Academic journal article Yearbook of English Studies

'These Proverbes Yet Do Last': Lydgate, the Fifth Earl of Northumberland, and Tudor Miscellanies from Print to Manuscript

Academic journal article Yearbook of English Studies

'These Proverbes Yet Do Last': Lydgate, the Fifth Earl of Northumberland, and Tudor Miscellanies from Print to Manuscript

Article excerpt


Two miscellanies containing analogous texts, the 1510? Prouerbes of Lydgate printed by Wynkyn de Worde and part of Bodleian MS Arch. Selden. B 10 commissioned by the fifth Earl of Northumberland, are of interest in this article. The evidence provided by de Worde's edition of the impact of mass, printed production on the taxonomy of the medieval vernacular miscellany is discussed. The article then describes the impulse of early printers and patrons of Tudor manuscripts to elide evidence of commercial motives for book production and to appropriate widely circulating texts from printed miscellanies for a traditional, noble definition of literary value.

Around the first year of the reign of Henry VIII (1510?), the printer Wynkyn de Worde issued a quarto edition of fourteen leaves, The prouerbes of Lydgate (STC 17026). (1) The edition is in fact a collection of literary extracts. It contains six of the fifteenth-century poet John Lydgate's interpolations into his translation of The Fall of Princes ([A2.sup.r]-]B2.sup.r]). (2) The first two are separated from the remaining four by the addition of versions of Geoffrey Chaucer's Fortune ([A3.sup.r]-[A4.sup.r]) and Truth ([A4.sup.r]-[A4.sup.v]). (3) The remaining pages contain two minor poems from the Lydgate canon: Consulo Quisquis Eris ([B2.sup.r]-[B4.sup.r]) and Look in thy Merour ([B4.sup.r]-[B8.sup.r]). (4) De Worde reprinted the book in a twelve leaf quarto in 1520? (STC 17027), and a copy of one of the 1510? or 1520? prints (or perhaps a missing de Worde reprint) served as copy text for a manuscript, Bodleian Library MS Arch. Selden. B 10. The manuscript contains a fifteenth-century copy of John Hardyng's Chronicle, to which the sixteenth-century printed text has been added on a gathering of vellum folios prepared so as to match those bearing Hardyng's text. (5) It was owned in the early Tudor period by Henry Percy, fifth earl of Northumberland, who apparently patronized the addition to this manuscript himself sometime after 1516 and before his death in 1526. His arms are added to the initial, limned capital of the Prouerbes, and his arms and motto are also painted on the last folio of the Chronicle (see Figure 1). (6)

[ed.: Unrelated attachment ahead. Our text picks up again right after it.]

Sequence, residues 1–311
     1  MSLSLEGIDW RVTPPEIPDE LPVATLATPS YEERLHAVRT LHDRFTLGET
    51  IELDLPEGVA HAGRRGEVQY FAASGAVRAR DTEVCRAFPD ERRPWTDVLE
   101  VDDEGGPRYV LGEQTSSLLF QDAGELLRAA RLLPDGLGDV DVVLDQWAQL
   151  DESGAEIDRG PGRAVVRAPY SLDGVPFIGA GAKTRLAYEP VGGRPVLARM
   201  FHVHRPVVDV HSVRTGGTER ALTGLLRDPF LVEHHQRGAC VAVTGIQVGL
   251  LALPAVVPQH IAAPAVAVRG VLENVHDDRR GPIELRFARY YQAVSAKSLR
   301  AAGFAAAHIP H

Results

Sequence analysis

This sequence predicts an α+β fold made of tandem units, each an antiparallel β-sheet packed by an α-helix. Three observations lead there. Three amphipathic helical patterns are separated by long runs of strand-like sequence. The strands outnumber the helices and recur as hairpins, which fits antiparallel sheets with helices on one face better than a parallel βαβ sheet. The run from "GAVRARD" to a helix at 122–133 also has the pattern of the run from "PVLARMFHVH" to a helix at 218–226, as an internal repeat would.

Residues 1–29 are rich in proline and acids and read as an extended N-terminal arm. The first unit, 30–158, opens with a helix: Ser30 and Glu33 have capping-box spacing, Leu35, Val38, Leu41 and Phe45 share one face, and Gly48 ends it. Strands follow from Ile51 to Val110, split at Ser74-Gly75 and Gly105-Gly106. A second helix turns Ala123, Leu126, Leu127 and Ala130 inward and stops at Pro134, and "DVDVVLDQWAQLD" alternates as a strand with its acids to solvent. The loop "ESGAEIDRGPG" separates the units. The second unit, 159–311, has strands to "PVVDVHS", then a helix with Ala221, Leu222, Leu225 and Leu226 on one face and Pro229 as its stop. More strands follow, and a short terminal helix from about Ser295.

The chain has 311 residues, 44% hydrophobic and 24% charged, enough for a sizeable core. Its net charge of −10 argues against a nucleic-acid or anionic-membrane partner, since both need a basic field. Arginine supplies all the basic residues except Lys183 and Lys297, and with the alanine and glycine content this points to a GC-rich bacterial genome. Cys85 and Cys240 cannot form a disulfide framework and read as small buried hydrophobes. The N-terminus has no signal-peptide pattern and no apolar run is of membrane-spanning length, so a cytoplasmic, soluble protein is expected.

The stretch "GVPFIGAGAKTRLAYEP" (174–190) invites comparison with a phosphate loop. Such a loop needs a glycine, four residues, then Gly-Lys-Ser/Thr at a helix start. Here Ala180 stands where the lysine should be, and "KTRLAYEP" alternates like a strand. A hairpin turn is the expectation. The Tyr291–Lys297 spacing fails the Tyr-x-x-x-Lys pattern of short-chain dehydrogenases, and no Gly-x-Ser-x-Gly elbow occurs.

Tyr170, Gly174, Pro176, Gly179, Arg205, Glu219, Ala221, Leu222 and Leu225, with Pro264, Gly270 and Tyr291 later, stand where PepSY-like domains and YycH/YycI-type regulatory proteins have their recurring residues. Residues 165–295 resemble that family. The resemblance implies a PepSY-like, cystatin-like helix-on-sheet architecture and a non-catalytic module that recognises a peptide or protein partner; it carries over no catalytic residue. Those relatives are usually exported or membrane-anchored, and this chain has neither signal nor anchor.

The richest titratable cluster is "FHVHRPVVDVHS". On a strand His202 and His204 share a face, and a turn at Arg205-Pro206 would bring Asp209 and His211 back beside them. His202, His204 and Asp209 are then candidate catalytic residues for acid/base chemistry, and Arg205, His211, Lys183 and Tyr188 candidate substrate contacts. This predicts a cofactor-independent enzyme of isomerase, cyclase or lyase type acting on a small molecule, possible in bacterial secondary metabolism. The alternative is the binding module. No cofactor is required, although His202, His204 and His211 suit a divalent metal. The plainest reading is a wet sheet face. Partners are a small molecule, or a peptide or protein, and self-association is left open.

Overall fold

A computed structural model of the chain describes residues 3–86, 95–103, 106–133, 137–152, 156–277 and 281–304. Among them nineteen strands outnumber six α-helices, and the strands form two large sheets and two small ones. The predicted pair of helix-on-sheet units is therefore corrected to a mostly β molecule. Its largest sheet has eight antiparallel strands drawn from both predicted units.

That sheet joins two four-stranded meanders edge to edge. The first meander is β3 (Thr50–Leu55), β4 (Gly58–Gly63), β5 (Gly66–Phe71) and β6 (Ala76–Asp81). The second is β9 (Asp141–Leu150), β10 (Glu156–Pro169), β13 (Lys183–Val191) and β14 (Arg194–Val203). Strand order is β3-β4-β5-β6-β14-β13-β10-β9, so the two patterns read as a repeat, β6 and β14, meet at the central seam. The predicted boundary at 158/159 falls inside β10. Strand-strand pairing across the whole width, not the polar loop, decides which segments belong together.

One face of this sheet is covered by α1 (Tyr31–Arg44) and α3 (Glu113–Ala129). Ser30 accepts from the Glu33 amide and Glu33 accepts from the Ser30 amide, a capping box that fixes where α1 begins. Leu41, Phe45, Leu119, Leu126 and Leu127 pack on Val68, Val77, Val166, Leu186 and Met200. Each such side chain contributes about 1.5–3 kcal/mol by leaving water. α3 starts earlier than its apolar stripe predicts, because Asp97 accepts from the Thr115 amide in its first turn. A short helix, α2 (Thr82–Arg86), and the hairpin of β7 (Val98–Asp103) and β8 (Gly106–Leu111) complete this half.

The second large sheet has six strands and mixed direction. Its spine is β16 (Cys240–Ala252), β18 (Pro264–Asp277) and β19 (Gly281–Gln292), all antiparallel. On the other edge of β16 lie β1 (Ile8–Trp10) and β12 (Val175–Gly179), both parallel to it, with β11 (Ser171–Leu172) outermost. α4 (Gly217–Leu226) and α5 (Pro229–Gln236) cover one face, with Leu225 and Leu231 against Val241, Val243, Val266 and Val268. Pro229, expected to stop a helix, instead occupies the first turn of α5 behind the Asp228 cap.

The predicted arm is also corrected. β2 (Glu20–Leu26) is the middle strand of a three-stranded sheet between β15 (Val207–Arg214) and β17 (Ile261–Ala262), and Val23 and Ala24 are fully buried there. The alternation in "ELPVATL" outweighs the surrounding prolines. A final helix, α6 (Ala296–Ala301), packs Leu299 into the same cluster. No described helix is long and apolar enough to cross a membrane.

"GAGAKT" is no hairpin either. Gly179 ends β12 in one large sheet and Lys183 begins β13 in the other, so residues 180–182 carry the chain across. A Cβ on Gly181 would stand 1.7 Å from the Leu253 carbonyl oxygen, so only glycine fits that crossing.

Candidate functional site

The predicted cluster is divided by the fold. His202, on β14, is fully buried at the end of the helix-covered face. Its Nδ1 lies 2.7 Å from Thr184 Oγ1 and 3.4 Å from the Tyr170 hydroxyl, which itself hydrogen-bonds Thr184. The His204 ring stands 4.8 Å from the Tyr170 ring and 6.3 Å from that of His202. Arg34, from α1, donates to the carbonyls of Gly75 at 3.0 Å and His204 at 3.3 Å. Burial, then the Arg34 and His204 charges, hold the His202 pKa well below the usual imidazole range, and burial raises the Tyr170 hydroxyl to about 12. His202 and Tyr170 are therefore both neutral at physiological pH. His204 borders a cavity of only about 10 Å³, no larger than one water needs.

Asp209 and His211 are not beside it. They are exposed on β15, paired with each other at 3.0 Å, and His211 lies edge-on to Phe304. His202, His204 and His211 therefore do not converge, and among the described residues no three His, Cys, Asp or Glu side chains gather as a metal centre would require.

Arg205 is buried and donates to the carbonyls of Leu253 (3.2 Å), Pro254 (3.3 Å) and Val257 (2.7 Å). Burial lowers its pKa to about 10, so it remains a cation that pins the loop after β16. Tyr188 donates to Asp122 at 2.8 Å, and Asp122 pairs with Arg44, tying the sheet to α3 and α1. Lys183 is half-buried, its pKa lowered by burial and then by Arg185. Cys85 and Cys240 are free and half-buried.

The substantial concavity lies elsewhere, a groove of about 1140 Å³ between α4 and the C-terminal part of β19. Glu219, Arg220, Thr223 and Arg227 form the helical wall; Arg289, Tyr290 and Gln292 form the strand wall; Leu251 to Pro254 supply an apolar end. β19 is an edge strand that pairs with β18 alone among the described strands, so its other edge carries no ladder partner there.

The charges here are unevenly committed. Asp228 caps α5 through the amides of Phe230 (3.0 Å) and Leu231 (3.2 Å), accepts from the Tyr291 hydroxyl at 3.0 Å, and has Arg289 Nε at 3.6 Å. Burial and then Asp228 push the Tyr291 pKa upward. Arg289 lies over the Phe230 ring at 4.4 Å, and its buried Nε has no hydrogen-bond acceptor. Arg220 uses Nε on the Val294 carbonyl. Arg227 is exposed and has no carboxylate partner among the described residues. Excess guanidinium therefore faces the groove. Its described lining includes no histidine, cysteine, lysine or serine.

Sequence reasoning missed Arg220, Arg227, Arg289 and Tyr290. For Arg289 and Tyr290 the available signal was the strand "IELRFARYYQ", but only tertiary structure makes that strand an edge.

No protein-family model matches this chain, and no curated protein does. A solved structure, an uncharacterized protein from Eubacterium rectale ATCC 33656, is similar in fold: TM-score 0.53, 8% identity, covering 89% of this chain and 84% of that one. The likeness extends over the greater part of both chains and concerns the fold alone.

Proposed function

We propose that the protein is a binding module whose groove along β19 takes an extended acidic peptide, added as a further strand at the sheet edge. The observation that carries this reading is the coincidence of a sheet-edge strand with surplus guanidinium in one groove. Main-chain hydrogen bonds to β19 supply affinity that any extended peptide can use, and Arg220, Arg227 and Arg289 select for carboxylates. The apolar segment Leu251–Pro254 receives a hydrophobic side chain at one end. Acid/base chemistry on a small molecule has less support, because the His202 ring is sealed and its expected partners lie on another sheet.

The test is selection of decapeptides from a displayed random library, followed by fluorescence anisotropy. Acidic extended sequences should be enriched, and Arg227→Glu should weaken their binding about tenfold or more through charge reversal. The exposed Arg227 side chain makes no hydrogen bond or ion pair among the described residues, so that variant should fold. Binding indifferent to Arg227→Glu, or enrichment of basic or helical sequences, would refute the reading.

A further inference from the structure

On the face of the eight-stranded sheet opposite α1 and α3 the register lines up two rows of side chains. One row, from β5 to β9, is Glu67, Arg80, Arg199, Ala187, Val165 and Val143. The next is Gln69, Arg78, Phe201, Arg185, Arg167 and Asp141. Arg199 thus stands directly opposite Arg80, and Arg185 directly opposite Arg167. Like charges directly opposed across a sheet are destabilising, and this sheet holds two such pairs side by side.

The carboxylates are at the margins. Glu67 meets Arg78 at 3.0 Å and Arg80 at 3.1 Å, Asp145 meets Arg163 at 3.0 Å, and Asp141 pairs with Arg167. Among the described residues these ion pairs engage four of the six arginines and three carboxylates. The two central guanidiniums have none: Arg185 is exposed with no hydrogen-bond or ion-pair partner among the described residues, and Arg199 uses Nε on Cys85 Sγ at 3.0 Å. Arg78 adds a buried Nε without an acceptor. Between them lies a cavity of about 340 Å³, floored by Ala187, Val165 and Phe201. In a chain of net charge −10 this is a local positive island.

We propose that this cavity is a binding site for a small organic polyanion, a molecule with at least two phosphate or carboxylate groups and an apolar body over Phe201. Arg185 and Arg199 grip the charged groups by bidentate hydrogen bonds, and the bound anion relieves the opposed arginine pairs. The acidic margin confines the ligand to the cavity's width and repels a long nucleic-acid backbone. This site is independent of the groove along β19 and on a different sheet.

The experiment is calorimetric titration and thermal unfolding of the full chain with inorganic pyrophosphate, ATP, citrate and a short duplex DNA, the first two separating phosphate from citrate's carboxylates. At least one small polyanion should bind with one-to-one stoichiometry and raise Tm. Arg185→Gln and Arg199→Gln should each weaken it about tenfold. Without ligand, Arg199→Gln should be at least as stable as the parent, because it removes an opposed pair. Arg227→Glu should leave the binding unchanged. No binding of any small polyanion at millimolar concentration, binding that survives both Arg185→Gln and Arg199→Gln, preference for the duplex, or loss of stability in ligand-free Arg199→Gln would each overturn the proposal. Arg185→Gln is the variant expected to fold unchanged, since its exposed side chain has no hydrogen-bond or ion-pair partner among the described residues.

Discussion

These books have been described elsewhere; (7) for the purposes of this discussion and this volume, they are of interest because they are miscellanies, and have some place in scholarly discussion of that term. Recent scholarship on medieval English book production has sought to identify the circumstances in which the manuscript miscellany ceases to be miscellaneous and may be read as a 'whole book', constructed by a scribe or an owner who has arranged texts around some anthologizing principle and whose work can be reconstructed by the assiduous student of codicology. (8) The problems such a student tends to encounter are described in an important essay by Ralph Hanna:

In the pre-1450 English situation [...] all books are probably 'bespoke', the product of special orders. Rather than being publicly available renditions of texts as are printed books [...], they represent defiantly individual impulses--appropriations of works for the use of particular persons in particular situations. In such contexts, the books may have required no explanation, the private quirks behind their manufacture being abundantly clear; certainly, the medieval disinterest not simply in expressing but even in developing any critical terminology like our own estranges us and renders the objects of our study opaque. (9)

Implicit in Hanna's commentary, and central to the following discussion, is the idea that the shift to print, or even to the 'public', perhaps speculative, commercial manuscript production of the post-1450 period, involved a shift away from opacity and towards the development of the 'critical terminology'--paratextual and epitextual enunciation of the book--that is absent in the bespoke period. …

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